A Spirometer is a device which measures a persons lung capacity. These devices are very commonly used in hospitals to make sure patients do not have any breathing complications during recovery. If you walk into a recovery room, you will often see a low-tech spirometer that looks a lot like a large measuring cup with a big tube coming out of the side. For our project, we undertook to build a more high-tech version of this device using a capacitor emerged in water and a low pass filter. This device allows patients to blow into a tube and read their lung capacity right off a computer screen.
Essentially our device involves a vessel containing a tube to blow into and a large capacitor. This vessel is emerged in water, but as you blow into the tube, it raises out of the water and the capacitor value changes accordingly. The changing capacitance value if then calibrated to calculate lung volume. The combination of these components allows a patient or doctor to digitally calculate a patients lung capacity.
Step 1: Supplies
What is needed:
1 x Resistor (1 MΩ)
1 x Large Parallel Plate Capacitor (40 mm x 300 mm with ~0.8 mm spacing)
1 x Variable Frequency Power Supply
1 x Vessel (must have a volume of at least 5.5 L)
1 x Tank (must be able to fit the vessel and contain enough water to fill it)
Lab View Software
*There is quite a bit of flexibility with the above supplies. As long as the set up is essentially the same, the software can be calibrated to work with different resistors or different capacitors.
Step 2: How It Works
This spirometer works by relating a changing capacitance value to lung volume. The capacitor is initially completely submerged in water, but as you blow into the tube, air from your lungs fills the top of the vessel and causes it to rise. As this occurs, the capacitor gradually becomes less and less submerged, therefore changing its capacitance value. Using the transfer function of the low pass filter with know input frequency and resistor values, we can determine the capacitance of the circuit. The circuit can then be calibrated using known air volumes to relate capacitance to lung volume. Take several data points of air volume and capacitance, plot them, and fit a line. When the equation for this fit line is incorporated into the lab view program, the circuit becomes a real time lung volume transducer!
Step 3: Circuit Diagram
The diagram features the variable frequency power supply, the 1 MΩ resistor, the capacitor emerged in the tank, and where the voltage measurement is taken by the computer
Step 4: Building the Vessel
There are a few important constraints for the vessel:
1. It must have a large enough volume to measure full lung capacity
2. It must be completely water tight except for the a single water entry hole
3. It must remain pretty much upright as it lifts out of the water
For our vessel, we modified two large juice bottles so that we had enough volume. Essentially, we took 2 of the same bottles, cut the very bottom off one and the middle off the other, and then resealed them together (pictured above). This gave us plenty of volume and was fairly straightforward to build. Additionally, the design of the bottle made it easy to keep the vessel water tight. To make sure it remained upright, we designed a narrow tank with a diameter just larger than that of the vessel.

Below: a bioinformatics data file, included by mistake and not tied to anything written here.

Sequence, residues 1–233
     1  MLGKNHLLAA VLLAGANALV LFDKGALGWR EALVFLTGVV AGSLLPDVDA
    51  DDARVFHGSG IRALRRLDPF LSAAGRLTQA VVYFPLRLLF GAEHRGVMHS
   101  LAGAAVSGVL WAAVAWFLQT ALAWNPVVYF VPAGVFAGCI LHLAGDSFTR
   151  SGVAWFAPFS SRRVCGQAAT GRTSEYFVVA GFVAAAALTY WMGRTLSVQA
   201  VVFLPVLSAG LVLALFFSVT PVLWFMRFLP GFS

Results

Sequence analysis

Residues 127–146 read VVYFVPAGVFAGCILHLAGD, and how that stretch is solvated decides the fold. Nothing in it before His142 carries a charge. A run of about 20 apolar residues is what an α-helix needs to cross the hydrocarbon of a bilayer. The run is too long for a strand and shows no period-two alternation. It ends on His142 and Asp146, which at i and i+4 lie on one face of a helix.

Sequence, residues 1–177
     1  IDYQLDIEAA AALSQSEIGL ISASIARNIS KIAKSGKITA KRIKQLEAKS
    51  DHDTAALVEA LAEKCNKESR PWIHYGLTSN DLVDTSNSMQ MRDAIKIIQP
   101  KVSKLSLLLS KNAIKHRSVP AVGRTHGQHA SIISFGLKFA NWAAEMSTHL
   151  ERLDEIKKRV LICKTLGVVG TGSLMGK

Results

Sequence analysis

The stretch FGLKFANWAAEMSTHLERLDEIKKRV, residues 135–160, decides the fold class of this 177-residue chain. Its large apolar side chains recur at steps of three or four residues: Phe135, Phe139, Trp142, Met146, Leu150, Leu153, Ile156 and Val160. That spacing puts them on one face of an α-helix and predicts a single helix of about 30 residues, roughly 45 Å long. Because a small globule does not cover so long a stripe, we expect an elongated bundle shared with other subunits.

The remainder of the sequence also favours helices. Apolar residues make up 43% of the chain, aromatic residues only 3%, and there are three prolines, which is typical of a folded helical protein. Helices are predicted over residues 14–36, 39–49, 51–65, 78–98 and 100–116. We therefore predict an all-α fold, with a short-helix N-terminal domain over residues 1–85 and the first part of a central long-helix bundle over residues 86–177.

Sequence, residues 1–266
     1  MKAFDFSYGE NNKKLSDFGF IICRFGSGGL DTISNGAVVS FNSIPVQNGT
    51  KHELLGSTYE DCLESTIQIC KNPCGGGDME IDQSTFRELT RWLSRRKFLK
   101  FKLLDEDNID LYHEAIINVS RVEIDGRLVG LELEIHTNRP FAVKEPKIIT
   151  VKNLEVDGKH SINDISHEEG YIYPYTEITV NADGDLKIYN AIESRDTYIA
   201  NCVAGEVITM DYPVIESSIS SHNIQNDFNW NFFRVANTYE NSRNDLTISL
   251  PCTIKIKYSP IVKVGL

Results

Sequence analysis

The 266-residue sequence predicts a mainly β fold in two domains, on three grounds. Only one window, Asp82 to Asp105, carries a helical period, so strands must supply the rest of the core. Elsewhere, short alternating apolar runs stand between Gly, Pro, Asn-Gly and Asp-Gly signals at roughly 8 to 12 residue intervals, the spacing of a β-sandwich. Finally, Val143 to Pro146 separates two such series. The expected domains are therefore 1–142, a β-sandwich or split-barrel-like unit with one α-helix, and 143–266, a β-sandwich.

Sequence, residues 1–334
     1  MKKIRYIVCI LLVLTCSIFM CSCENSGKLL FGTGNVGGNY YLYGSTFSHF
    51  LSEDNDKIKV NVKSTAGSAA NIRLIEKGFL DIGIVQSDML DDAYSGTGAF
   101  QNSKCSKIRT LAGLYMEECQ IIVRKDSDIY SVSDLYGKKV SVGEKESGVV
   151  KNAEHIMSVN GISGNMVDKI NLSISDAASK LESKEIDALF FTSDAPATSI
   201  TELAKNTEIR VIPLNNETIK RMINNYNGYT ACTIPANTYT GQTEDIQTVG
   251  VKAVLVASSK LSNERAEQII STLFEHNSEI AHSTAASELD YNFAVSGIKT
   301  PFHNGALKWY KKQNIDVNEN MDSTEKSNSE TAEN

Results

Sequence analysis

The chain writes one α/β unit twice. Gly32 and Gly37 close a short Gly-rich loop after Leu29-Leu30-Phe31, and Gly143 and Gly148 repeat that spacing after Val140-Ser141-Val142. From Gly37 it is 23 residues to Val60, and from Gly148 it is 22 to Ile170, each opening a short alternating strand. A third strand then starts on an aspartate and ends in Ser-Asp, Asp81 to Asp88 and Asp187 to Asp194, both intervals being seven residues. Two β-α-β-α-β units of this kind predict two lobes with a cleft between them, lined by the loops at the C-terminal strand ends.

Additionally, the vessel must contain a capacitor which remains in a fixed position and is parallel to the length of the bottle. This is essentially to getting an accurate measurement. It is also important to make sure the wires and connections of the capacitor are completely sealed from the water so that they don't short.
Finally, a tube needs to be secured in the bottle to direct airflow. The end of the tube must be at the very top of the bottle and the tube should be flexible enough as to not hinder the movement of the bottle as it is rising out of the water.
Step 5: Building the Tank
The design of the tank does not have nearly as many restraints as the vessel. Pretty much, it just needs to be water tight and have a large enough volume to fit the water and the vessel. We designed a tank that allows the vessel to rise out of the water upright by making the diameter of the tank just larger than the diameter of the vessel. A smaller tank, such as a paint bucket, can also be used, but there must be something added to keep the vessel upright as it rises from the water.
Step 6: Calibration
Programing the computer to measure lung volume from this device is pretty straightforward. The device works such that the value of the capacitor depends directly on how much of it is submerged in water. The above equation relates capacitance to the input voltage frequency of the circuit. Once this equation is programed into the computer, you can use it to determine different capacitance levels with different air volumes.
At this point, the calibration can begin. Since capacitance is directly dependent on the height of the water in which it is submerged, and this height depends on how much air is blown into the vessel, we can assume that capacitance is directly proportional to lung volume. Therefore, if the capacitance is measured at several different know lung volumes, a trend line can be fitted to the data, and the equation for this line can be used to determine lung volume from capacitance value.
A copy of our Labview code is attached.